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Date: Fri, 3 Apr 2015 08:18:35 -0700
From: Bill Cox <waywardgeek@...il.com>
To: "discussions@...sword-hashing.net" <discussions@...sword-hashing.net>
Subject: How about memory*time comparisons?

I see a lot of discussion about TMTO, cache timing resistance, and lately a
good discussion on compute time hardness, which is excellent.

However, I worry that we're not focusing enough on the most obvious and
important metric: memory*time.  I still have not seen a chart showing
memory*time defense.

The right way to measure memory*time is with t_cost at the minimum secure
value.  For Yescrypt, that's with t_cost == 0 and 2 rounds rather than 6
for the single-thread case, and more rounds for the multi-thread case.
You're supposed to choose the rounds to gain compute time hardness
_without_ losing memory*time defense.  Plots showing memory vs time with
higher t_cost seems wrong and misleading to me.  The same goes for plots
where the number of rounds was chosen to be too low.

Here's some very simple math for explaining why Yescrypt has the best
memory*time security: it does the lowest number of I/O operations per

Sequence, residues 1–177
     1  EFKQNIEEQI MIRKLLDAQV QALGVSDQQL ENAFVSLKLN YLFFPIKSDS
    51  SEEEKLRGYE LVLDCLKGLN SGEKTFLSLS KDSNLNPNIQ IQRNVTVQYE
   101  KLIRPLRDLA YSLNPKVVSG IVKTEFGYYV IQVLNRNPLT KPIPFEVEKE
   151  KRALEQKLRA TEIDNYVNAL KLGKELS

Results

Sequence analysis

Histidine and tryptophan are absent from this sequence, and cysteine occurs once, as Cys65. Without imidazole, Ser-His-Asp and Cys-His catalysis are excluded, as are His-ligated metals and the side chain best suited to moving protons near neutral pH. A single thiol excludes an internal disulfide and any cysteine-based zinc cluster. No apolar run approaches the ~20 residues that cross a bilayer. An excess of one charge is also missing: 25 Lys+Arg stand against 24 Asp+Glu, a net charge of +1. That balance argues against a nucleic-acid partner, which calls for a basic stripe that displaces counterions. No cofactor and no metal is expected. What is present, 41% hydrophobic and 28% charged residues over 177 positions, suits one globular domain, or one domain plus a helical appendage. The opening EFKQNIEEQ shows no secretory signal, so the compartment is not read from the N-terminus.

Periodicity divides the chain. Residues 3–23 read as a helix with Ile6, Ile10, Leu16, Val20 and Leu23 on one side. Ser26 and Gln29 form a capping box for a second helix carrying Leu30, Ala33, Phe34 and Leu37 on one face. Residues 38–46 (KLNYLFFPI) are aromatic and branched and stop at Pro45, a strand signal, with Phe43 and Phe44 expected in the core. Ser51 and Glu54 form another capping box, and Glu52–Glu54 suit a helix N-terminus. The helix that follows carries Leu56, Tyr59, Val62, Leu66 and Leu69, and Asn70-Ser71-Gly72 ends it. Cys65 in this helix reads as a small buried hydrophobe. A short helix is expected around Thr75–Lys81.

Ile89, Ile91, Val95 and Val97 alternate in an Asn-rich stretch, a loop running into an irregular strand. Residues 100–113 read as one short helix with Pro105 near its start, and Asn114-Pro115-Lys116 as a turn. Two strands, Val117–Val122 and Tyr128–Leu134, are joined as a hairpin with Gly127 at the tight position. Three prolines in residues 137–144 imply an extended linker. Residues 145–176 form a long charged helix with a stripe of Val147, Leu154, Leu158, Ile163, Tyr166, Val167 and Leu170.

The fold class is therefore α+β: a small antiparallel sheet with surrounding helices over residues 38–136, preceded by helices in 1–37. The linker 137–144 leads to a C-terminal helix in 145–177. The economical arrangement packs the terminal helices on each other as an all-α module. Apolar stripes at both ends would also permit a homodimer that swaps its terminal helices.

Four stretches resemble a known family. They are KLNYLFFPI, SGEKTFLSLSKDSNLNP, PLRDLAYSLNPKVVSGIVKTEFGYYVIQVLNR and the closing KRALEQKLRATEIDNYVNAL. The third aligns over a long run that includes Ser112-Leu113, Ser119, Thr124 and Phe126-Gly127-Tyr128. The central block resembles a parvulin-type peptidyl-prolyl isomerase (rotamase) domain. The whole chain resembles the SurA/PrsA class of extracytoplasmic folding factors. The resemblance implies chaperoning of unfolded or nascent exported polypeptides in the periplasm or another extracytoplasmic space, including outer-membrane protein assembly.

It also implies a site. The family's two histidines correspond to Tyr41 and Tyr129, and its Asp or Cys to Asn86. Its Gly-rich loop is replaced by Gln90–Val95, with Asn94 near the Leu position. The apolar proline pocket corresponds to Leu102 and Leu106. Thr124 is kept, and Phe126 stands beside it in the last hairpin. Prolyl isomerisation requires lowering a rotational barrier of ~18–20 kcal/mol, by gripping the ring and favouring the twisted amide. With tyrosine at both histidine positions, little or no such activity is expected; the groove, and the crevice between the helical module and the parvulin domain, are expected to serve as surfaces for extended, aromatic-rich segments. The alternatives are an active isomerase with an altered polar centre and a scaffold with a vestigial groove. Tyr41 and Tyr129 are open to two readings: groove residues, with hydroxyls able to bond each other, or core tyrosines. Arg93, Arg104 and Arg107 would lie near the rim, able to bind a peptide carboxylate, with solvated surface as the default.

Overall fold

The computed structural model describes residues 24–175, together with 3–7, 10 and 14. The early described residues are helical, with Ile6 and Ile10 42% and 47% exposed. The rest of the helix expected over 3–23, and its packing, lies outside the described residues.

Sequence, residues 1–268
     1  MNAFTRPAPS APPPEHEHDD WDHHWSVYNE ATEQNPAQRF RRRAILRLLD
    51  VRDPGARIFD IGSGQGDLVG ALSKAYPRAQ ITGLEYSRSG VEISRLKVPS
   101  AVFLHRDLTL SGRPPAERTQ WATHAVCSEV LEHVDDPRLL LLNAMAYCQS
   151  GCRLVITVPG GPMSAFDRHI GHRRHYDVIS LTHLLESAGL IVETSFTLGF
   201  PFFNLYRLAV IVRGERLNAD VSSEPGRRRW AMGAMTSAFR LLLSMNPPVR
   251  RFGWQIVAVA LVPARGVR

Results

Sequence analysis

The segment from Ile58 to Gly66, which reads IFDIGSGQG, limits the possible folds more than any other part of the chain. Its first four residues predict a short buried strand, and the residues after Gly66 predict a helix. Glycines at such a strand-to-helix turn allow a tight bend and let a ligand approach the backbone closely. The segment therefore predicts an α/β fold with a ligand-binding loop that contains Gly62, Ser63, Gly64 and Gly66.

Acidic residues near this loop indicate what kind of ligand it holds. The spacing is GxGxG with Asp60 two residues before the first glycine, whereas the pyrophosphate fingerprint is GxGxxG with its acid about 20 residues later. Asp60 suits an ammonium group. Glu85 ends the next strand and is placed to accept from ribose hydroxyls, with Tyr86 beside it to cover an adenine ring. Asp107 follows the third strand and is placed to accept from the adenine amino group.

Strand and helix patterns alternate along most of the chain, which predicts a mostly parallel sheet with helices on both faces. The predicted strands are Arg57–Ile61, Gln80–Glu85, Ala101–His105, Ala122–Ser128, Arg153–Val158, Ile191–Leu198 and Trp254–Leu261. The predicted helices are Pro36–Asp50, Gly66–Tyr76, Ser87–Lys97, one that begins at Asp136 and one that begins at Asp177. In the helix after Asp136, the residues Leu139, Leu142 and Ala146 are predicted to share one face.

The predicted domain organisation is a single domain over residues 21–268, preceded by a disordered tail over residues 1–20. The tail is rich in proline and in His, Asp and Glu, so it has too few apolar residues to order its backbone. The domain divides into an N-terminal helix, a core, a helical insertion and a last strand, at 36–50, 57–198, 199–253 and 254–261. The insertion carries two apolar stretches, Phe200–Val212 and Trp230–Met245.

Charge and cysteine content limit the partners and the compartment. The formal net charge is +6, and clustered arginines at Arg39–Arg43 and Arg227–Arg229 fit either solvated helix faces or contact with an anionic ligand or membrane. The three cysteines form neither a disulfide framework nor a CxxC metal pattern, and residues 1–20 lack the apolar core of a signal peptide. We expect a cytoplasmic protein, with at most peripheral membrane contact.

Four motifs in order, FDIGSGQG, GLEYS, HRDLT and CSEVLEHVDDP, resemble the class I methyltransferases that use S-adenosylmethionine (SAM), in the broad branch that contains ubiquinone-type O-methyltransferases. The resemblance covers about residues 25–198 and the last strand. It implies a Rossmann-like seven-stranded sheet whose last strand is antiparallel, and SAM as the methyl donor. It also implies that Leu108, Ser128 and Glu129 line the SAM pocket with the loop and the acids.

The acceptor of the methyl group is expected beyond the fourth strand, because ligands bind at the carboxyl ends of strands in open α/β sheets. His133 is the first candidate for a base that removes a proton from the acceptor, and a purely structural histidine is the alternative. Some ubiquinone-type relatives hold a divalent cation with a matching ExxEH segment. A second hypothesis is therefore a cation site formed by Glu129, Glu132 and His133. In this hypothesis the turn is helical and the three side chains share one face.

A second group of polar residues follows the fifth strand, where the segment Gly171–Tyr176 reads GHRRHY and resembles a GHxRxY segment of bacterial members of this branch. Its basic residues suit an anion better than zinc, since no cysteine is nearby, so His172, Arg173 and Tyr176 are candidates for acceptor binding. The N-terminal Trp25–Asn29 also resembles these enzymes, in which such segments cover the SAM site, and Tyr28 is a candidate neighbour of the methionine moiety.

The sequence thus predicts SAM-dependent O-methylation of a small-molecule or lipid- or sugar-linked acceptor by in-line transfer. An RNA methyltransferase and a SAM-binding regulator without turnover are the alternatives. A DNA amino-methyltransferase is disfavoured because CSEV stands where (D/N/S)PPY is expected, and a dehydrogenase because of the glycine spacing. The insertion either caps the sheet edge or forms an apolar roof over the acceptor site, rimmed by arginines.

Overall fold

memory location used.  Benchmarks that defeat this desirable property by
running Yescrypt with t_cost higher are silly, IMO.  This is simply
allowing the benchmarkers to incorrectly choose parameters for comparison,
rather than the authors.

Yescrypt in my benchmarks has the best memory*time defense in all
scenarios, followed by Lyra2 which is still excellent (not counting
Argon2d, since it seems we can't pick it - which is really too bad).

To be more fair to Lyra2, can we also try running it with the ^= operation
replaced with = in some places to lower the number of I/Os to a more
reasonable level?  Lyra2 does achieve it's TMTO resistance goal with these
operations, but we don't need it to be this strong.  Lyra2 is elegant,
simple, and has other desirable properties, but the authors lowered it's
memory*time defense to get it.  This seems easily fixable.

Thanks,
Bill

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